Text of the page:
5 Ways Movies Say You Can Die That Science Says Are Wrong
Whenever a character in a movie gets stabbed with a sword, tossed in a flaming pit, or garroted with a live cobra, we all know what to expect. We, as an audience, are jaded. We've seen it all before; we can practically tie a snake-noose in our sleep. But that doesn't mean the reality looks anything like the movies. For example ...
You Can't Sink In Lava
Falling into lava is the worst way to go: It's all the most awful parts of drowning and burning mashed together like the devil's slash fiction. But in reality, it wouldn't be anything like that. Surprisingly, lava is really fucking hot. We're looking at temperatures ranging from 1,295 degrees F to 2,282 degrees F when it first breaks the surface. A bed of lava is a giant liquid crematorium that is unlikely to gulp you down, if only because you'll burn to death first.
But even if you cannonballed into a volcano wearing a heat-suit -- because fuck cancer, you're going out awesome -- you still wouldn't drown in it. Lava is over three times heavier and denser than water, with at least 100,000 times the viscosity. It's borderline impossible for a human being to sink in it. You wouldn't dramatically sink like Arnold at the end of T2 -- you'd just shatter and burn up so quickly you wouldn't have time to give a thumbs-up, much less the elaborate double bird you've been practicing.
Suffocating Someone Takes Forever
Suffocating a person is a lengthy, arduous process. It's the "doing your taxes" of murder. The point where the movies tend to call it a kill -- right as the victim goes limp -- is only just the start. In reality, going all noodly only indicates that the victim has passed out, and if the killer stops suffocating the victim then, they're in for a surprise: The body automatically restarts breathing as a reflex.
"Yeah, I'm really having no trouble at all breathing around this pillow, chief."
This restart period varies on a case-by-case basis, but it takes the body roughly 15 seconds to use up the oxygen in the blood. After that, the clock starts ticking: A minute without breathing destroys some of your brain cells. Three minutes and you likely have serious brain damage. After 10 to 15 minutes, you're generally fucked -- unless you're one of the rare cases that survive after 40 to 60 minutes without breathing. Unless the killer has brought a sandwich and a book to read, they're better off flicking the victim to death.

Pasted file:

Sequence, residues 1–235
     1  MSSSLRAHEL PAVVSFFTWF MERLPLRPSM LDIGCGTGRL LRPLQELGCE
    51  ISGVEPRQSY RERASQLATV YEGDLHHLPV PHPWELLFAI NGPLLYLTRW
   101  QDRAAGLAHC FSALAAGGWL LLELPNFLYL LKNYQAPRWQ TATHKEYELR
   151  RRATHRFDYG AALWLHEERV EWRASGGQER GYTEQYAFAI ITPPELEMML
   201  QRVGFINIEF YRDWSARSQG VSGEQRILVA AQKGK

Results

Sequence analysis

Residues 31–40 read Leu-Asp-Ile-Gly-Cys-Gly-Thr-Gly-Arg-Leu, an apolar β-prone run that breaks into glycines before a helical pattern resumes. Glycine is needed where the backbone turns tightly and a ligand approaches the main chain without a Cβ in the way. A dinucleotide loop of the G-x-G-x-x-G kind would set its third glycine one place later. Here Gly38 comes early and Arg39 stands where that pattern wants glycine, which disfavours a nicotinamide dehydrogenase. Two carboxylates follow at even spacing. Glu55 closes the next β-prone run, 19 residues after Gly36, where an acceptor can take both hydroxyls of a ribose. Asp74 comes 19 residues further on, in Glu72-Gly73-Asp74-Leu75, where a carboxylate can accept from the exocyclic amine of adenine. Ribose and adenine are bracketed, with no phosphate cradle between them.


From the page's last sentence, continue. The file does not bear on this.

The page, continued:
Sharks Don't Really Want To Eat People
Although sharks may seem like malevolent kill machines, they're actually super shy and mostly just confused about us, a creepy alien species from the great waterless void above. Sharks almost never actively go after humans. In fact, the most common cause for shark attacks is people provoking the shark. They'll try to pet or otherwise interact with them, because we guess they haven't seen Jaws enough times. It's probably on TBS right now, guys. Check it out.
And if you still want to pet a shark, you're gonna need a bigger brain.
"But Cracked," you inquire, "if that's true, how come there were 98 confirmed unprovoked shark attacks worldwide in 2015 alone?" Well, first of all, only six of those were actually fatal, while most resulted in only moderate injuries. Even the fatal attacks aren't the "torn to bits until the sea is red" variety -- they're mostly from a single bite wound, not an orgy of thrashing violence.
"Honestly, I got most of these scars from stumbling around drunk ..."
Large sharks like great whites are curious animals, and they use their teeth much like humans use their hands. They've been known to tentatively bite boats, buoys, paddleboards, and anything else they might find interesting, an investigative close-to-the-surface behavior that's also the reason behind the famous fin-above-the-water shtick. So when sharks do "attack" humans, it's almost always because of these quick, investigative chomps. Once they realize we're disgusting, chewy monkeys instead of sexy lady sharks in disguise, they usually flee.